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The-Bestiary-art - 4/29/12


"A Brief Overview of Bestiary" by Lady Katharine of Caithness.


NOTE: See also the files: bestiaries-msg, Bestiaries-lnks, Zoomorphics-art, hunting-msg, p-thts-animls-msg, rabbits-msg, ferrets-msg, gargoyles-msg.





This article was submitted to me by the author for inclusion in this set of files, called Stefan's Florilegium.


These files are available on the Internet at: http://www.florilegium.org


Copyright to the contents of this file remains with the author or translator.


While the author will likely give permission for this work to be reprinted in SCA type publications, please check with the author first or check for any permissions granted at the end of this file.


Thank you,

Mark S. Harris...AKA:..Stefan li Rous

stefan at florilegium.org



This article was first published in the March 2011 issue of the "Apple Press", the newsletter of the Shire of Sylvan Glen, Aethelmearc.


A Brief Overview of Bestiary

by Lady Katharine of Caithness


Bestiaries are books that were produced during the Middle Ages that described both real and fictitious animals and accompanied by imaginative drawings. The bestiaries dealt with the natural world but were never meant to be scientific texts. Rather each creature with its unique characteristics was used as a metaphor for Christian virtues or vices.


The original Bestiary was a Greek collection of knowledge The Physiologus (Naturalist) from the second century about animals and the Christian interpretation of nature. Each animal represented some aspect of the struggle between God and the devil. With forty-nine chapters each devoted to a single animal the book was based on the work of classical Greek philosophers such as Aristotle. Other sources included Indian, Hebrew and Egyptian animal lore. Next to the Bible it was the most sought after book.


By the Middle Ages the Physiologus became immensely popular and was translated into almost every European language and those of western Asia. Over the years the Physiologus continued to evolve and incorporated additional sources thus adding more animals and expanding its text on the moral interpretations of the battle between good and evil.  Around the 6th or 7th century the Physiologus was translated into Latin, and from the opening line "Bestarum Vocabulum" the genre of Bestiary got its name. By the 12th century Bestiary appeared in its present form in England with a total of hundred and eight chapters.


There are two types of Bestiaries and in the 12th and 13th centuries of England and France there was quite a demand for them. A reason for this may have been it made moral teachings of the church easy to remember for they were descriptive, illustrated and had a pity blunt message to them. The two types were known as Luxurious and Vernacular. The luxurious was lavishly illustrated and written in Latin and were intended for the more literate and wealthy population scholars, clerics, royalty and landed gentry. The vernacular version was much cruder and modest by comparison and intended for the illiterate and lower classes, tradesmen, farmers, shopkeepers.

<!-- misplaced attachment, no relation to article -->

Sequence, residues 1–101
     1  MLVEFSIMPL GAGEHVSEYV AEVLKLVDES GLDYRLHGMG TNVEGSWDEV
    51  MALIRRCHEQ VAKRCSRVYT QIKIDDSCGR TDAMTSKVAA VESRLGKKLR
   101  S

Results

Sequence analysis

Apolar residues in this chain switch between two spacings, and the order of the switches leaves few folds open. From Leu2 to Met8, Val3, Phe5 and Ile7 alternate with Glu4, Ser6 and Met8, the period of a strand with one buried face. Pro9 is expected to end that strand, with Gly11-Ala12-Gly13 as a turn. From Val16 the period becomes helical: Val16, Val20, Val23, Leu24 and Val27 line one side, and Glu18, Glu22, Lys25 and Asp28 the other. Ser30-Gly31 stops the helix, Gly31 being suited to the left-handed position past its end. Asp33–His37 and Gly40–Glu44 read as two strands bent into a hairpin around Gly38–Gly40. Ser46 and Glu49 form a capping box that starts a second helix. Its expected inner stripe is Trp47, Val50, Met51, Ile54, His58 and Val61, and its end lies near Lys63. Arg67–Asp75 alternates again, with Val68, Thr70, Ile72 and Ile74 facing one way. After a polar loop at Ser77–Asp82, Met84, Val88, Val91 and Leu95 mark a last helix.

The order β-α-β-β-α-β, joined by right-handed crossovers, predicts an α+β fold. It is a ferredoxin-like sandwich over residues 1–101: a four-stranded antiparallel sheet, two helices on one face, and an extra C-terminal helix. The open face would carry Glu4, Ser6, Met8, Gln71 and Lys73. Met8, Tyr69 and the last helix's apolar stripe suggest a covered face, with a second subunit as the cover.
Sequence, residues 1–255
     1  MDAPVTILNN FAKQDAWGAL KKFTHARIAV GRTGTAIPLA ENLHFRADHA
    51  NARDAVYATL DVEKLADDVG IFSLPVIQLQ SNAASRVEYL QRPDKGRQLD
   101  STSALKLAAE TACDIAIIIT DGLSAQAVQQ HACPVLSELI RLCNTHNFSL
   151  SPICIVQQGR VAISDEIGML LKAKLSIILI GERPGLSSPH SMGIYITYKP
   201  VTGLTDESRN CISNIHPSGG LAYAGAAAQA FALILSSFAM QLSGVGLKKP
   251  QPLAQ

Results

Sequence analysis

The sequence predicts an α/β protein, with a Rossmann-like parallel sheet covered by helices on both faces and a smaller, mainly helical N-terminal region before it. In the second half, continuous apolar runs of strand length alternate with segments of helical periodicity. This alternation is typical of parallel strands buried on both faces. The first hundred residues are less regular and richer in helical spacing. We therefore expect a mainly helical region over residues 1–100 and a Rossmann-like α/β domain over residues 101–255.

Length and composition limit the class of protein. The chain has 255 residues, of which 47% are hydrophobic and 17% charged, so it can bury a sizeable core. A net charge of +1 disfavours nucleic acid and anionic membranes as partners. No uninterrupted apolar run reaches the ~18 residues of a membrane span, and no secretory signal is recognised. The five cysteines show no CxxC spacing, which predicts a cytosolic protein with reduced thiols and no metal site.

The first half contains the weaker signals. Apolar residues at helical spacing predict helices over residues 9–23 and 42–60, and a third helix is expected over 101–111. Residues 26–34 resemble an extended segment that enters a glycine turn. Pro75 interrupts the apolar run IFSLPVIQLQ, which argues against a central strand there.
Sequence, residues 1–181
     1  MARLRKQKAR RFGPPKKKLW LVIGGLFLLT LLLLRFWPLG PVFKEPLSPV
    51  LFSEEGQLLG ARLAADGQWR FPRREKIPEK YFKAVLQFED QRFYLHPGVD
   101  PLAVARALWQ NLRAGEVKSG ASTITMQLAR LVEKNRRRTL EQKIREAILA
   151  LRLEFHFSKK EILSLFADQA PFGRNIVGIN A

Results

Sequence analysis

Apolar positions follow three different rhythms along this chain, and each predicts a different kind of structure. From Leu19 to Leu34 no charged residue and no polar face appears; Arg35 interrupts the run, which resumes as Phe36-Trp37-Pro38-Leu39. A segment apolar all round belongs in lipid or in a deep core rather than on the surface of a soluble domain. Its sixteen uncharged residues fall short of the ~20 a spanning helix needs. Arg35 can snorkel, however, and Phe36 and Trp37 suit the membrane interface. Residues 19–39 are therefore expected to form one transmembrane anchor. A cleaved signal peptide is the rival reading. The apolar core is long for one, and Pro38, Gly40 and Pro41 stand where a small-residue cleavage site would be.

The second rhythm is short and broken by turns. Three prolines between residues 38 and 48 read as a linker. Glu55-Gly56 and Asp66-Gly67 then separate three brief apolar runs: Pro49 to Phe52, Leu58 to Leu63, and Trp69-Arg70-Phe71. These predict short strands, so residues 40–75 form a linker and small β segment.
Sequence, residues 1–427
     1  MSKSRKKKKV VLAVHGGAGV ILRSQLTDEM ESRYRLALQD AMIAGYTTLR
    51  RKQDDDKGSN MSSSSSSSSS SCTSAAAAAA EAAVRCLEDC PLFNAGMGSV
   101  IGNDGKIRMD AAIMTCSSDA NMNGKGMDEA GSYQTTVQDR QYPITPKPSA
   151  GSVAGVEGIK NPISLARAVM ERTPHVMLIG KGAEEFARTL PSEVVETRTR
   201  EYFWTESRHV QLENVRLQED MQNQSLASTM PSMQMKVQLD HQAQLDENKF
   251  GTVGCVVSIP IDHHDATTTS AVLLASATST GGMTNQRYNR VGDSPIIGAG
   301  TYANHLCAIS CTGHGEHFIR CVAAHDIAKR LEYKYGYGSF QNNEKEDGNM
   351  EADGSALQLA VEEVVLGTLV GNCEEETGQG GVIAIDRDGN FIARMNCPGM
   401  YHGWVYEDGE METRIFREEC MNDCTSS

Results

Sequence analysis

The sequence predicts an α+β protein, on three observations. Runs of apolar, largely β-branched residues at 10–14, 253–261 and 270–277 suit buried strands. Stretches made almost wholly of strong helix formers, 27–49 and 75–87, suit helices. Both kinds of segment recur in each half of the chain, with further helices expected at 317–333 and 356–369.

A great deal depended on how the animal was drawn. If it was a known domestic animal such as sheep, cattle, dogs or cats they were portrayed in a factual manner. Lions, tigers and elephants (oh my!) were drawn in a less then factual manner. Imagination played a major role. Crocodiles were drawn as dog-like creatures, ostriches had hooves and serpents were drawn with feet or wings. It must be pointed out that these drawings were based on written descriptions or earlier drawings of the creatures. They were widely read and in part responsible for a widespread belief in mythical beasts throughout Europe in the Middle Ages.


Today when we have the occasion to peruse these manuscripts with their imaginative illustrations one can not help but be impressed and have their imaginative spirit take flight.


Copyright 2010 by Kathleem May <kathleenklmpub at yahoo.com>. Permission is granted for republication in SCA-related publications, provided the author is credited.  Addresses change, but a reasonable attempt should be made to ensure that the author is notified of the publication and if possible receives a copy.


If this article is reprinted in a publication, I would appreciate a notice in the publication that you found this article in the Florilegium. I would also appreciate an email to myself, so that I can track which articles are being reprinted. Thanks. -Stefan.


<the end>

Formatting copyright © Mark S. Harris (THLord Stefan li Rous).
All other copyrights are property of the original article and message authors.

Comments to the Editor: stefan at florilegium.org